‘Impermeable’ graphene yields to protons | Science News

Real Science. Real News.

Science News is a nonprofit.

Support us by subscribing now.


‘Impermeable’ graphene yields to protons

Success in penetrating thin carbon sheets offers promise for better fuel cells

8:00am, November 6, 2014
graphene sheet

CARBON BARRICADE  A graphene sheet is made up of just one atomic layer, as illustrated here, but its structure prevents other atoms and molecules from penetrating.

The world’s thinnest material has a soft spot for protons.

Despite its impermeability to all atoms and molecules, the slim carbon film known as graphene allows protons to pass through it, new experiments reveal. The finding suggests that graphene and similar ultrathin materials can improve hydrogen fuel cells, which require a barrier that allows only protons to penetrate.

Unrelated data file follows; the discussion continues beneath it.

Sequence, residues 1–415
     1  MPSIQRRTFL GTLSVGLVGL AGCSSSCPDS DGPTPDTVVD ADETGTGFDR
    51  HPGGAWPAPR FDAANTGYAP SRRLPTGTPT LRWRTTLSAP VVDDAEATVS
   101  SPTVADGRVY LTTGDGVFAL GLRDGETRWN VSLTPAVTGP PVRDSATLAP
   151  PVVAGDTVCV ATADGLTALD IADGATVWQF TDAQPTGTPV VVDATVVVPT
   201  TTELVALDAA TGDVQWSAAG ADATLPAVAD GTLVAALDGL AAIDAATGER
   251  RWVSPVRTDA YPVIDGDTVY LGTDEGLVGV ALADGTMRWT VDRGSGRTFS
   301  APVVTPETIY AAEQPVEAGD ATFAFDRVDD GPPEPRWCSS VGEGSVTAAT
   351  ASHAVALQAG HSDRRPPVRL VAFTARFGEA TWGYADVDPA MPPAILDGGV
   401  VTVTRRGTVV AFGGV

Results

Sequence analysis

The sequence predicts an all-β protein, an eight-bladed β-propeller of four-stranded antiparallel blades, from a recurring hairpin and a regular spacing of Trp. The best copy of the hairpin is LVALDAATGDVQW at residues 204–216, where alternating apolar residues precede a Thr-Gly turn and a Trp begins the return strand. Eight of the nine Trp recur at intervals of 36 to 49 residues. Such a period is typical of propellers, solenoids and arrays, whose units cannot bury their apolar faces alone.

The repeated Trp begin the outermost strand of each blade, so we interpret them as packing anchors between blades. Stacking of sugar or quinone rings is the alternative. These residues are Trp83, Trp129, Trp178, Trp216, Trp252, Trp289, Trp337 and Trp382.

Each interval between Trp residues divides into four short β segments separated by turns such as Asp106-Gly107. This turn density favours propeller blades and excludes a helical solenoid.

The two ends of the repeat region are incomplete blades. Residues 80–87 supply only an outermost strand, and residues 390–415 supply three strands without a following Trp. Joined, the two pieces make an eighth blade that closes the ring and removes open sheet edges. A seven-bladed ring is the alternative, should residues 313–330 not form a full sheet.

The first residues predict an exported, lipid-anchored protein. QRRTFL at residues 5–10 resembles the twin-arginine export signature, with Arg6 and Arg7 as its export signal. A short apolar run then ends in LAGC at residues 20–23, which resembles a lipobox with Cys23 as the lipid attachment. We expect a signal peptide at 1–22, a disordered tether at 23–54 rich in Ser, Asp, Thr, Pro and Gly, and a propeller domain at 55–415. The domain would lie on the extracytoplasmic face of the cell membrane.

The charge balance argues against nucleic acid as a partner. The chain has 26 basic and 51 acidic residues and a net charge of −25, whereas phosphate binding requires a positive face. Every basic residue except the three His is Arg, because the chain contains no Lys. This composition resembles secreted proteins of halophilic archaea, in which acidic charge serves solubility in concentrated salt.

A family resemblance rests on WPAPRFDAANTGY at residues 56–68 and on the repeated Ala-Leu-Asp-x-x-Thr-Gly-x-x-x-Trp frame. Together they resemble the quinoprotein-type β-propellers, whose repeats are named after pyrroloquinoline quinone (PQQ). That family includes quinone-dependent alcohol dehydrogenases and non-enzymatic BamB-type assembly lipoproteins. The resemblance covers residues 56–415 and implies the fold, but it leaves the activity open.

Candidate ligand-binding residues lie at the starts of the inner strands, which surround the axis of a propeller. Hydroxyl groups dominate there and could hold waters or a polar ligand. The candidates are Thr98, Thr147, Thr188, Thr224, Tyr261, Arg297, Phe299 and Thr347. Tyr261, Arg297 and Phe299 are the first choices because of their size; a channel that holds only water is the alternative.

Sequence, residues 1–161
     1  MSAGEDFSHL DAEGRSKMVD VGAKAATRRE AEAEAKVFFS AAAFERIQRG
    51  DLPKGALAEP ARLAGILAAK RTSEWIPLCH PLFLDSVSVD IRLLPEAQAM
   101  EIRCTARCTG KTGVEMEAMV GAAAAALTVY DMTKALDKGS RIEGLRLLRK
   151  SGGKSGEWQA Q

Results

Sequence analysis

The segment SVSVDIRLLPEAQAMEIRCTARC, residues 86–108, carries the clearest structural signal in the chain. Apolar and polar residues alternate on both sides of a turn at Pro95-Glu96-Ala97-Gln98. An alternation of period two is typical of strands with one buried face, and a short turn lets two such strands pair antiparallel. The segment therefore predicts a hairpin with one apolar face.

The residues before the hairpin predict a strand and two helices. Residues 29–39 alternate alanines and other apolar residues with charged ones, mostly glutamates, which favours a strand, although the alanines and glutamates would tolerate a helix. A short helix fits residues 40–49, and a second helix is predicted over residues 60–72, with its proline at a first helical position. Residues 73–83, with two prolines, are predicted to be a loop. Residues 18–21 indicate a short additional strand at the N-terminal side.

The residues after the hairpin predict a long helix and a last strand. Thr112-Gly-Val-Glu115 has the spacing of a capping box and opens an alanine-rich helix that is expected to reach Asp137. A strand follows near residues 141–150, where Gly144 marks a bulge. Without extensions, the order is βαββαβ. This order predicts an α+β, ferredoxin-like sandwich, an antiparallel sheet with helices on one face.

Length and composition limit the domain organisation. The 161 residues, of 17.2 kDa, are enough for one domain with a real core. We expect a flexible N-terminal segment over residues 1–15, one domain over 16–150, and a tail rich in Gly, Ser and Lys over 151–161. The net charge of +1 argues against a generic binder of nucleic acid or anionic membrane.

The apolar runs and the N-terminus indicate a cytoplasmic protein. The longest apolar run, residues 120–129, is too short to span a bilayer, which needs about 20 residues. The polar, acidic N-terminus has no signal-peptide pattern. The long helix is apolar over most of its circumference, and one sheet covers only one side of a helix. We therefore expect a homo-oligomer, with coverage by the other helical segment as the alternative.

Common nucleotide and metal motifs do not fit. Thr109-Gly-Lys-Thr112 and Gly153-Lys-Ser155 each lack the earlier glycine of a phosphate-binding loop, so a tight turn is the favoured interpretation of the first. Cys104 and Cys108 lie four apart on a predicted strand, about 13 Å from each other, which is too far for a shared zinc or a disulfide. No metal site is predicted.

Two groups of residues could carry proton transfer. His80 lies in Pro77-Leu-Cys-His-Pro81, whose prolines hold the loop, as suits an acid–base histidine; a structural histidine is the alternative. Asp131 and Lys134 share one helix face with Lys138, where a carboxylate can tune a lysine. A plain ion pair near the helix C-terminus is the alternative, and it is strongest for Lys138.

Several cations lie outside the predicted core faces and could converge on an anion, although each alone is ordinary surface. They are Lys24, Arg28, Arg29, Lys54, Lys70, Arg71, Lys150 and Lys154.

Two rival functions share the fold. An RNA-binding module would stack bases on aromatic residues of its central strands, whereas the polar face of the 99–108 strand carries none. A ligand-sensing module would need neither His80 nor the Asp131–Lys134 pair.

“It’s great work and a very important result,” says Vikas Berry, a chemical engineer at the University of Illinois at Chicago.

Discovered in 2004 by physicists Andre Geim and Konstantin Novoselov at the University of Manchester in England, graphene consists of a single layer of carbon atoms in a honeycomb pattern. Physicists quickly learned that such ultrathin materials behave very differently than their thicker cousins with the same chemical makeup. For example, graphene conducts electricity far better than its pure-carbon relative diamond. 

One of graphene

This article is only available to Science News subscribers. Already a subscriber? Log in now.
Or subscribe today for full access.

Get Science News headlines by e-mail.

More from Science News

From the Nature Index Paid Content